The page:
Brentley Frazer, one of many scoundrels in his memoir Scoundrel Days, documents coming of age on the boundary of civilisation. His father’s vocation as the only policeman in a small northern Queensland mining town subjects Frazer to a chaotic side of life: a lockup only a stone’s throw from his bedroom; housing criminals and murderous poachers; bloodied ... More
An annual challenge: how to select essays which capture the moment but live beyond the immediate?
For some, rigour matters. The series editor for The Best American Essays invites magazine editors and writers to submit contributions to a Boston postal address. The rules are strict: an essay is a literary work that shows ‘an awareness of craft and f ... More
Journalism is on the back foot. That’s putting it kindly. Hundreds of newspapers and thousands of careers have been consigned to the great media burial ground since the dawning of the digital age. Those still standing operate in a climate of deepening mistrust. From Trump’s America to Erdoğan’s Turkey, demagogues saddled with democratic political systems trum ... More
In the summer of 1988 I was part of an Adelaide Writers Week symposium on biography, the stars of which were two justly famous and accomplished biographers – Victoria Glendinning and Andrew Motion. I described that occasion at the time, like this:
I greatly admired Motion’s panache. As we ascended the podium to begin the se ... More
Maralinga is a name familiar to most Australians as the site of British nuclear testing in the 1950s. Less familiar are the earlier tests at the Monte Bello Islands off Western Australia and Emu Field in South Australia. All have left a toxic legacy in our history.
Elizabeth Tynan’s finely researched book on the history of Maralinga and its precursors brin ... More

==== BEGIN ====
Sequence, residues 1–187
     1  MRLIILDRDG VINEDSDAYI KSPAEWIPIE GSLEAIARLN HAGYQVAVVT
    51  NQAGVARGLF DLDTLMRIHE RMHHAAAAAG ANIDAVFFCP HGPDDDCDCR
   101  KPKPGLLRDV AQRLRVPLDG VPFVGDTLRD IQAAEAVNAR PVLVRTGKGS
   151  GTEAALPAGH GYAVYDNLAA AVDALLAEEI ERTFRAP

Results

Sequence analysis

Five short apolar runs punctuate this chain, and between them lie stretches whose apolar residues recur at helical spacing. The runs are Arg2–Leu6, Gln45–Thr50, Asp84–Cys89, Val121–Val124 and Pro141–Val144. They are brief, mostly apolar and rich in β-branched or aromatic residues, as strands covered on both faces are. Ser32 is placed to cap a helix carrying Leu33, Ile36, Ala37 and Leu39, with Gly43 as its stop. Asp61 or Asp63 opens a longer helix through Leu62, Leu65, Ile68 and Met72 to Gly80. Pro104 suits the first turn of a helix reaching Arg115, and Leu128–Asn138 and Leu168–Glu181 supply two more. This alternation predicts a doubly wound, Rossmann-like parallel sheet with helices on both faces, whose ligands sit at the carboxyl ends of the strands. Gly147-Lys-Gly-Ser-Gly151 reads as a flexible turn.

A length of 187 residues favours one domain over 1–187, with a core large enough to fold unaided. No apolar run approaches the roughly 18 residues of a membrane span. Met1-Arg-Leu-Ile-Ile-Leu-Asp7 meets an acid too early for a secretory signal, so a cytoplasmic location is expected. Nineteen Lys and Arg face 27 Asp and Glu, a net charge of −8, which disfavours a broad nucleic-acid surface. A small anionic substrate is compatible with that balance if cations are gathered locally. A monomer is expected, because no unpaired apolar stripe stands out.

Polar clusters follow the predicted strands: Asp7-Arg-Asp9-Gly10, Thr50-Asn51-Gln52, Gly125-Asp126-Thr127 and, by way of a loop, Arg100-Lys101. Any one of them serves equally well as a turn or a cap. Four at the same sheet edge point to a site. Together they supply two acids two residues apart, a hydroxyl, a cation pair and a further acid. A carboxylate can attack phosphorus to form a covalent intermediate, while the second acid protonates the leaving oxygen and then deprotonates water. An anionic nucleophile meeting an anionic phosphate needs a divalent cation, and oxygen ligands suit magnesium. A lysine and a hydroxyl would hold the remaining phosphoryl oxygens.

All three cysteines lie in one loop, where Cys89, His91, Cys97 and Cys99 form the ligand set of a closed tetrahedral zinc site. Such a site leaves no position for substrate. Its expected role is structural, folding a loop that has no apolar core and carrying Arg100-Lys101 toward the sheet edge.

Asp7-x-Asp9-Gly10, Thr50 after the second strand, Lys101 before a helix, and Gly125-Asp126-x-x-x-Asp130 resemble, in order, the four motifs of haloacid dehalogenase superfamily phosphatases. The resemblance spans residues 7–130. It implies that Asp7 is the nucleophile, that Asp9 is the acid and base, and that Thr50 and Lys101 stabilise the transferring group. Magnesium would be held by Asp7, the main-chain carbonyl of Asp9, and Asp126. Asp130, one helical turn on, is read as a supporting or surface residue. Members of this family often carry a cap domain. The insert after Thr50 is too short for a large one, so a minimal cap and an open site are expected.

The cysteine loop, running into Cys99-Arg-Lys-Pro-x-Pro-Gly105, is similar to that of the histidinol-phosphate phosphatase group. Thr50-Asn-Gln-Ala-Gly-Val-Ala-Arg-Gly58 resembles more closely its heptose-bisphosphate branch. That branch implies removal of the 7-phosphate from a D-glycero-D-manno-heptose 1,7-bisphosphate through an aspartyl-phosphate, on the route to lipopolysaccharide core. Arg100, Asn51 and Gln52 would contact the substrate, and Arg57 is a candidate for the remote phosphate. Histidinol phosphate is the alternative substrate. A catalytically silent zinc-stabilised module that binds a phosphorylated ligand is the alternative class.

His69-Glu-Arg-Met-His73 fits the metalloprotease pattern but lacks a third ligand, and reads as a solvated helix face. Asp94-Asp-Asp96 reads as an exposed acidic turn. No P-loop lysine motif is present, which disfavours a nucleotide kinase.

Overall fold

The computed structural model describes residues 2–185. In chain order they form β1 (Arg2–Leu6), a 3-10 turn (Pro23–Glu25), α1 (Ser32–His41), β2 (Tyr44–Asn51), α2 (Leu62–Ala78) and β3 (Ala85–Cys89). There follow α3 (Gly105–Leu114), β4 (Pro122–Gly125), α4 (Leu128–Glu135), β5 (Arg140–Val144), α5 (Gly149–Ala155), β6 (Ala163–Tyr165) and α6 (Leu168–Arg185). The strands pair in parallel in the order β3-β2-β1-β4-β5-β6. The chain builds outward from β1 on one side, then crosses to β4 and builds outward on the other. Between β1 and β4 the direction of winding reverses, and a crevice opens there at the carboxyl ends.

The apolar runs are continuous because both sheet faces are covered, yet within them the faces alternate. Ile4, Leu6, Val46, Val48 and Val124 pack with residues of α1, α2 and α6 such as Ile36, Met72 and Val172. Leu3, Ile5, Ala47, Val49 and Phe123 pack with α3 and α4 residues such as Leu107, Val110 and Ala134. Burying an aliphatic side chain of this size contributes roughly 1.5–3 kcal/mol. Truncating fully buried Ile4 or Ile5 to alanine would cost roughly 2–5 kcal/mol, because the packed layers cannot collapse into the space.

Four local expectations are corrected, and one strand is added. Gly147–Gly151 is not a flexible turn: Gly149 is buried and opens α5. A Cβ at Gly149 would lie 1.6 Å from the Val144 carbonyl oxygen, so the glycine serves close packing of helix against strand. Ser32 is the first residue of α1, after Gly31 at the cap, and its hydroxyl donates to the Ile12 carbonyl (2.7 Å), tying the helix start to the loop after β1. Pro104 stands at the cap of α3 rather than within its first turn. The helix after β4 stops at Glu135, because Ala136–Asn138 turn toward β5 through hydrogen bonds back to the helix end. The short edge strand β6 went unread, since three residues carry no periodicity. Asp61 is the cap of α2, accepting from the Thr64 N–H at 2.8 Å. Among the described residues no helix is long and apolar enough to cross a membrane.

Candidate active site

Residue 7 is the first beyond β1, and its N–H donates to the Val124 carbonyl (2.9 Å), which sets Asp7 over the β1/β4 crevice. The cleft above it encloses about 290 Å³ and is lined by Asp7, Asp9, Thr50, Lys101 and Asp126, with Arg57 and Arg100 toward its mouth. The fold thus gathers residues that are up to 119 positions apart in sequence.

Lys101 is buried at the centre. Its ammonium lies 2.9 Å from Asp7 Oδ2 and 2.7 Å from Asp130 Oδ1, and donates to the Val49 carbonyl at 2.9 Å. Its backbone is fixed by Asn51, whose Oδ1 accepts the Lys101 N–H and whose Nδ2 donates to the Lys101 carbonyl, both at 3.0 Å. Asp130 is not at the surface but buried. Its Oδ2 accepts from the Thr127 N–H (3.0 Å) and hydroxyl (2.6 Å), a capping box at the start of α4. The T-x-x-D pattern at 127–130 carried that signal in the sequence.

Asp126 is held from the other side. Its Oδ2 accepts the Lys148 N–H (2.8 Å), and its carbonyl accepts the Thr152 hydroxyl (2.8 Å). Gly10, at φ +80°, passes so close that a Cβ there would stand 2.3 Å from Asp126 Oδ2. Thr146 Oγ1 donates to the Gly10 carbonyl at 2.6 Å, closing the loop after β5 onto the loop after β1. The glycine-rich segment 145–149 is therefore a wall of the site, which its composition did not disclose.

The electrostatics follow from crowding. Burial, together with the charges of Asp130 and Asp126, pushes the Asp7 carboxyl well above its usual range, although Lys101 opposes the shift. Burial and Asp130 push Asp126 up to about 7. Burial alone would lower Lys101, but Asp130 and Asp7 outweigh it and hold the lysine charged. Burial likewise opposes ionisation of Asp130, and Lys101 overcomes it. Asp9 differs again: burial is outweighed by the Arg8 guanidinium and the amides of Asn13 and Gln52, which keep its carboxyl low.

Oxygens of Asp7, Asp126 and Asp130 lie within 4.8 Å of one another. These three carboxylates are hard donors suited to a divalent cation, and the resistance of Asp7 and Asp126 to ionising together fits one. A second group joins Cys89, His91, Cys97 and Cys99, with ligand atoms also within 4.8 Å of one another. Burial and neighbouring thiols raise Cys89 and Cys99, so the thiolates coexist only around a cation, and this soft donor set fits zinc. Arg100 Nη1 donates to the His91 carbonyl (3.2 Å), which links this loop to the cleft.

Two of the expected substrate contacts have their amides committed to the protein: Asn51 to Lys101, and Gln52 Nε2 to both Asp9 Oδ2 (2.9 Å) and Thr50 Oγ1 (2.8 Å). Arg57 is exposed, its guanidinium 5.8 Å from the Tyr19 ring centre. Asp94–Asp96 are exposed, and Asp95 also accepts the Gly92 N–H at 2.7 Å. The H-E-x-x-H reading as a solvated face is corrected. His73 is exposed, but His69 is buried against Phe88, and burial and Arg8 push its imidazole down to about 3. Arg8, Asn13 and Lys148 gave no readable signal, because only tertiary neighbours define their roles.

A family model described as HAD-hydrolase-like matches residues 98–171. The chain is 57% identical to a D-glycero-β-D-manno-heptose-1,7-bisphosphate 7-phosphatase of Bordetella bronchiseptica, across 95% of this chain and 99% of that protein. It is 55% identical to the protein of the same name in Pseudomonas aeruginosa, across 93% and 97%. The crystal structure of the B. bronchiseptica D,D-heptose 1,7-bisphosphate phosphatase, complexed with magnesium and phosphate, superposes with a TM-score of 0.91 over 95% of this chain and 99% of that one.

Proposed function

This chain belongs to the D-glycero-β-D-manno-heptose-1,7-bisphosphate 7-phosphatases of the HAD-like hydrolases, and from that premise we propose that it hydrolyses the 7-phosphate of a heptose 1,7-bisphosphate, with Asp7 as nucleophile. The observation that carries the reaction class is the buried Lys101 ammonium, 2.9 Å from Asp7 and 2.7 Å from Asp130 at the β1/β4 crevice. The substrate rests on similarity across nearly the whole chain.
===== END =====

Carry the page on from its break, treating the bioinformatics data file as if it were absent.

In this 750-page tome, Gareth Stedman Jones, a British historian and former editor of New Left Review, seeks to rescue the revolutionary thinker Karl Marx from the ‘Marxism’ he sees as the creation of his long-time collaborator Friedrich Engels and to reconstruct him as part of the nineteenth-century political and philosophical context in which he ex ... More
Paul Keating has been much written about; his trajectory is familiar. His is a story of leadership and the exercise of power, about a man who led from the front and – like Gough Whitlam – was willing to ‘crash through or crash’ when following his convictions. No prime minister since has displayed a similar propensity. Troy Bramston’s biography conforms to ... More
Mark Colvin’s fine memoir – of a journalist’s life and as a spy’s son – was completed before the Macquarie Dictionary chose ‘fake news’ as its word of the year, and the OED and Merriam-Webster opted for ‘post truth’ and ‘surreal’. In July 2016, as Colvin was writing his acknowledgments chapter, Donald Trump was being nominated ... More
The Empire over which Queen Victoria ruled for more than sixty years no longer paints the globe red. Yet Victoria is still ubiquitous. She is memorialised in the Commonwealth of Australia – formally proclaimed just three weeks before she died on 22 January 1901 – in the names of two states and innumerable other places, along with material objects like statues an ... More
For more than half a century, Richie Benaud (1930–2015) graced the game of cricket around the world. A dashing batsman and fierce leg-spinner, Benaud was the first ...More